When it comes to College, we've been there, done that, now serving 149 tips in 10 categories ranging from Academics to Student Health. Need more advice? Ask a Life Coach or take our Life Coach Directory for a spin.
By Betsy S
Once dorm life has gotten old, and you're really done with getting woken up at 2 am the night before your final exams, a fun next step can be renting a house or apartment together with some friends. Expect to have both wonderful times and awful times together, because you actually will have both. Try to figure out enough of a chore / task schedule so that nobody ends up stuck with all the housework.
But remember to schedule fun things with your roommates as well: a household trip out to the beach or the mountains, a dinner together once or twice a week, or whatever works for all of you. Living with roommates can (and will) have its difficult moments, but it's a learning experience that is absolutely worthwhile. It can teach you as much about life as any academic course.
By Betsy S
If your parents help you move into your dorm room, it may be tempting to fill their car with piles of belongings. It's easy to picture how you'll make use of this special pillow, that set of books, the perfect study lamp, and so on. Stores work hard to sell heaps of new furnishings to college students.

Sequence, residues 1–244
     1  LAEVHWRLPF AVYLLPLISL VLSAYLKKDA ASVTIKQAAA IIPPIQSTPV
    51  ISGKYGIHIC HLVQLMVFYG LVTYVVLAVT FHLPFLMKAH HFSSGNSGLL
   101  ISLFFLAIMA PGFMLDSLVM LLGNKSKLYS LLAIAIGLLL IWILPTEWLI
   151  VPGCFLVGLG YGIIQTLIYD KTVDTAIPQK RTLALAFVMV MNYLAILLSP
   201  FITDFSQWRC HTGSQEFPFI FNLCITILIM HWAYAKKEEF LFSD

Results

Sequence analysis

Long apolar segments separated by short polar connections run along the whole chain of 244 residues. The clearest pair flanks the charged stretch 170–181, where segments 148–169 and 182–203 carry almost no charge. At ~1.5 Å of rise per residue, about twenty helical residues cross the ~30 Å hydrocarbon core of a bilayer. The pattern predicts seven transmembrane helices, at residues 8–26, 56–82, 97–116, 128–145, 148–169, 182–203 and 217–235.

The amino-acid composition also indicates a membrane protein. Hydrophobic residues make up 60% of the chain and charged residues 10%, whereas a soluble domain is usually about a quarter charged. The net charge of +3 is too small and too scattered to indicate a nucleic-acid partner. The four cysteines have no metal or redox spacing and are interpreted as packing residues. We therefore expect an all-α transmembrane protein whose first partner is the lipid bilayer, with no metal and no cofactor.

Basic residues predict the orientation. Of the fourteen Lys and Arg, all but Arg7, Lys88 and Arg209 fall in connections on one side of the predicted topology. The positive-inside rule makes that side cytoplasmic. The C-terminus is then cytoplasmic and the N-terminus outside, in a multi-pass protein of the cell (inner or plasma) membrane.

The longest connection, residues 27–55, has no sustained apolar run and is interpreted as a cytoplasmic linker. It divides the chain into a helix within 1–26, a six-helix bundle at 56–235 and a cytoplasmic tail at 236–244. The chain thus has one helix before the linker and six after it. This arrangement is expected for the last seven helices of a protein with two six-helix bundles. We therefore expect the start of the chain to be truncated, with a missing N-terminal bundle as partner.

And it's true that dorm rooms can feel a bit cold and impersonal when you first arrive. But it's important to remember that you're not actually moving in; your dorm room is not your new home.
In June, after finals, you'll be stuck with having to somehow deal with the rug and the extra lamp and all the pillows and books and so on. Many times the dumpsters on college campuses are crammed with perfectly good things that students end up throwing out in June, as they suddenly realize they can't fit more than a fraction of it into an airplane or into a friend's car. So, go easy on the volume of what you acquire, and you'll save yourself a lot of work at the end of the year.
By Betsy S
In order for your college application to stand out from the crowd, you have to be fully, deeply yourself - and then communicate that self effectively through your application. Give yourself time in high school to reflect on who you want to grow up to be, and why, and what you love the most. Move past the mall and past popular culture, and explore whatever piece of the world is unfamiliar to you. Get to know people who are outside the comfy circle of your own family, friends, and schoolmates.
It's important to get good grades, but plenty of people accomplish that; it's more important in the eyes of admissions offices that you be a thoughtful individual, with your own strong interests and drive.
Even if you've missed the deadline, don't be afraid to send your application to the College of your choice. It only takes a few students within the first two weeks to withdraw and you might just find yourself taking a spot in the classroom.
Afraid of making the wrong choice when applying to college? Not sure of your unique skills and talents? Give the institute of your choice a call and make an appointment with a career resource counsellor or registrar. Your conversation will provide insight into your personality and long-term goals, enabling you to make the best possible career/education choice.
In the excitement of those first days of class, you might overlook the student handbook. Don't! It provides valuable information about various school policies (harrassment, computer usage, dress codes, etc.), and everything else from tips on study techniques to important holidays to remember.
|Sheri Ann Richerson|